Tony 12 April 2012, 11.39

reconnect the millions in this country who no longer vote? Anarchism. Really. A re-connect with our responsibility to each other and the decisions affecting our own lives doesn’t have to involve party politics, it has to involve those millions of non voters…

Martin Deane 12 April 2012, 11.45

An important article from Joseph and a reminder about the centrality of principles and integrity, and especially for a party that’s doubled in size in the last 3 years!

Id take issue with “Labour-Tory version budget”. Brighton Greens consulted the people widely and in-depth, we heard, only to be hijacked at the last-minute by both Tories and Labour amendments demanding no council tax rise and to take the Government’s 2% bribe.

But Brighton Greens got 99% of their budget. I understand why the left called for a national stand to confront Government, but also why a minority Green council chose to honour the vote of local people who put them their to do their best for them.

Martin Deane
Hull and East Riding Green Party

keith 12 April 2012, 12.14

I thoroughly agree with Joseph and left the party at roughly the same time. I joined the party when it was the Ecology Party and have watched it slip further and further towards the westminster village and conformity.I was so dissolusioned that I now longer vote and have joined the AF. I have found that to create any kind of an alternative to the current system is to do it yourself and forget politicians.

Hannah Berry 12 April 2012, 14.24

Joseph, you write passionately and with conviction. There is much to be admired in your stance. But I’m left feeling that you are just the kind of person who will never be happy in any political party, or indeed any large organisation that has multiple stakeholders and multiple objectives. Your main gripe seems to be that internal party democracy worked against you and other members disagreed with your views. Joseph, that is the way democracy works. You seem to think that power is a dirty word and not something a well-meaning person should aspire to. But without it (achieved democratically, of course, not seized), none of those well-meaning policies or ideas will ever be implemented, so what is the point? I’m glad you will continue your anti-war and anti-cuts activism. Hopefully, such focussed activities will suit your skills better than trying to function within a heterogeneous and full-agenda political party.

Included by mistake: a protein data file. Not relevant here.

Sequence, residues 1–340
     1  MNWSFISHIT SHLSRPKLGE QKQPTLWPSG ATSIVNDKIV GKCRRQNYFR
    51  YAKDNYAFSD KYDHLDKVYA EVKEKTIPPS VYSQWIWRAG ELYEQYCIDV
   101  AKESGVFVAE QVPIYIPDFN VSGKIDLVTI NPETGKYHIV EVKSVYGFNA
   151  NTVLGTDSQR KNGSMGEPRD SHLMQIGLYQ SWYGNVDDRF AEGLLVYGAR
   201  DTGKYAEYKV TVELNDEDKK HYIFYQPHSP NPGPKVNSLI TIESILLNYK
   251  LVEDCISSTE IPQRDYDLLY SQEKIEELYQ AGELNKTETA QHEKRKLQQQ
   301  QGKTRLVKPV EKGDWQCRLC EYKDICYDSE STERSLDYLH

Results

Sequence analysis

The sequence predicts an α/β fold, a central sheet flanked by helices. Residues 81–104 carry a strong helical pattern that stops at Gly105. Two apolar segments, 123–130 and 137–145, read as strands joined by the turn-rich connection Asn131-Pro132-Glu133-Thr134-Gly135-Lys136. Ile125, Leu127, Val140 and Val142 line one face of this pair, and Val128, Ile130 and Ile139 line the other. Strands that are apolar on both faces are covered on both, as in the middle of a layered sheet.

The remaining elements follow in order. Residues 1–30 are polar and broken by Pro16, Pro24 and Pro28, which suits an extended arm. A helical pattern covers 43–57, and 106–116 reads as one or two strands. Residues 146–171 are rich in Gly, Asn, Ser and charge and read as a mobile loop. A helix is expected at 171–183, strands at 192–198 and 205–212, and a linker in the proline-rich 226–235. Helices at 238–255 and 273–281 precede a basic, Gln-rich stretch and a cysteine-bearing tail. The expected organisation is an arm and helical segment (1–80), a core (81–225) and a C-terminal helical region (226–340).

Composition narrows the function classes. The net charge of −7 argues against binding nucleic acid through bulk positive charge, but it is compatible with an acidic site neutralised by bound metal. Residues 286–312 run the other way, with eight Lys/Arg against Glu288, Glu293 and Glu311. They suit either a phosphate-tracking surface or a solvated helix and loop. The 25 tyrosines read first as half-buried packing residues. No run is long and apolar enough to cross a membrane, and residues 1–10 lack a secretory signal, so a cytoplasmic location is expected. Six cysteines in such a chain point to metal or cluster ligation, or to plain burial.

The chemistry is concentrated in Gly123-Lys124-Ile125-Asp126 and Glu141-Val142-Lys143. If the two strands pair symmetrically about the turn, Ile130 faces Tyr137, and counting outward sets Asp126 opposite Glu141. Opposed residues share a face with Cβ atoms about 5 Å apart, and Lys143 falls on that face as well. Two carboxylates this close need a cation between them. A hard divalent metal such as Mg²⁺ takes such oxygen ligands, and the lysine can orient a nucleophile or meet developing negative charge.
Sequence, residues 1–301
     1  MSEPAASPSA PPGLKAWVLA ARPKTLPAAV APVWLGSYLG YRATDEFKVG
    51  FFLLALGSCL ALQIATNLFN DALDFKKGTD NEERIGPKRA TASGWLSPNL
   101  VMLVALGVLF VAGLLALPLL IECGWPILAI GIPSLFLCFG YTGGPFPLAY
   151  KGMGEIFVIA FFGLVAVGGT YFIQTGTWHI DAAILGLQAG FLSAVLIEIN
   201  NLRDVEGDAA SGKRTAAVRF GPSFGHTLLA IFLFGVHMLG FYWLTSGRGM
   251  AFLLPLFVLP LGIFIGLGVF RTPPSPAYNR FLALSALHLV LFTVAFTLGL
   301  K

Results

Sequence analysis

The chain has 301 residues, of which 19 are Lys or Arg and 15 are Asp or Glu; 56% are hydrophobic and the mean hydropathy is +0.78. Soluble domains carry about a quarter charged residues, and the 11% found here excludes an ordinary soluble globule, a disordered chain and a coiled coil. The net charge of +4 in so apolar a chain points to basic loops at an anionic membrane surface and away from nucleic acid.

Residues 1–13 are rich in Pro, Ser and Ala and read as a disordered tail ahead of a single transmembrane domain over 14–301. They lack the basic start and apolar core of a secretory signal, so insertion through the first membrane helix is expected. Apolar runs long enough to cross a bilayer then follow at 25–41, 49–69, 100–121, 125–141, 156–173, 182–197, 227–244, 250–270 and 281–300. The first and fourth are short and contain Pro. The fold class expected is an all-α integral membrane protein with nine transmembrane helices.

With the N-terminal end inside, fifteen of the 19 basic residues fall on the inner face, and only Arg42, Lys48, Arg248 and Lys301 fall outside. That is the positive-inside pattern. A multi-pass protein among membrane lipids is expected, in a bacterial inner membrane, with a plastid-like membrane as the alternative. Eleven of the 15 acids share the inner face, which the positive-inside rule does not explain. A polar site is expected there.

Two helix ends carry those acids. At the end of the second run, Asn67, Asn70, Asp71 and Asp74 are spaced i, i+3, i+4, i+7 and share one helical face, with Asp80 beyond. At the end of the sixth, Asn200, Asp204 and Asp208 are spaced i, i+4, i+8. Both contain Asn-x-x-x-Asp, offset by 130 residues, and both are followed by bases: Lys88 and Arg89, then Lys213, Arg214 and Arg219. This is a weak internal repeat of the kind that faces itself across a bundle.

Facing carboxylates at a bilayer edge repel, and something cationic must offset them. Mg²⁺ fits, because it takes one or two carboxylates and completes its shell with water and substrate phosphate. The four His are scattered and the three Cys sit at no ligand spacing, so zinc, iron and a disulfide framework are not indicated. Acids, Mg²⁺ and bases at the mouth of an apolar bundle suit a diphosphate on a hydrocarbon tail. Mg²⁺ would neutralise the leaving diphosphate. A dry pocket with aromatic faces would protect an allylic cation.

Sean 12 April 2012, 14.36

Party politics is a waste of time, real radical change comes in spite of politics, not because of them. There are plenty of non-party organisations such Solidarity Federation, Anarchist Federation, IWW, the trade unions where it would be better to invest your energies while keeping your integrity in tact.

Sean 12 April 2012, 14.55


“in spite of politicians”

Rich 12 April 2012, 15.40

Many people left Labour over Iraq. Joseph Healey leaves the Greens over a budgetary decision for 1 year in 1 out of the 152 unitary authorities in England and Wales.
I wondered if he polled the >12,000 members to see if they’ve “moved away from its core principles”. No, of course not, because this article is only based on his own interpretation of events, and self-interest.
He could have resigned and written an article attacking the Tories, he could have written an article attacking the Lib Dems, he could have written an article attacking Labour. But, no, he wrote an article attacking the Greens and why we must all leave immediately – because clearly they are the greatest threat to our society.

Hannah Berry 12 April 2012, 15.51

No party is perfect – and I’m not a member of any party, because I don’t feel so strongly that I should be. But the Green Party is clearly (to me) the party whose core principles, policies and practices are closest to what I believe in. I have voted for them each time since I have been old enough to vote and will do so again. There is no other credible candidate whose views I could support. Sadly, Sean, the only credible candidates are the ones standing for a party (usually, and certainly in my local election this year), so if you think party politics is a waste of time, does that mean you think democracy is a waste of time?

Paul Cooney 12 April 2012, 15.53

An articulate post, as ever Joseph. I too left the GPEW and find myself among a growing number of unaligned independent socialists / eco-socialists who still carry on the fight against the cuts et al in different ways. In Huddersfield we are larger in number than the SP and SWP combined and I believe that there is still time for a new socialist party to be formed which will bring together the many small party groups of the left and the remaining socialists in Labour and the GPEW. Keep fighting.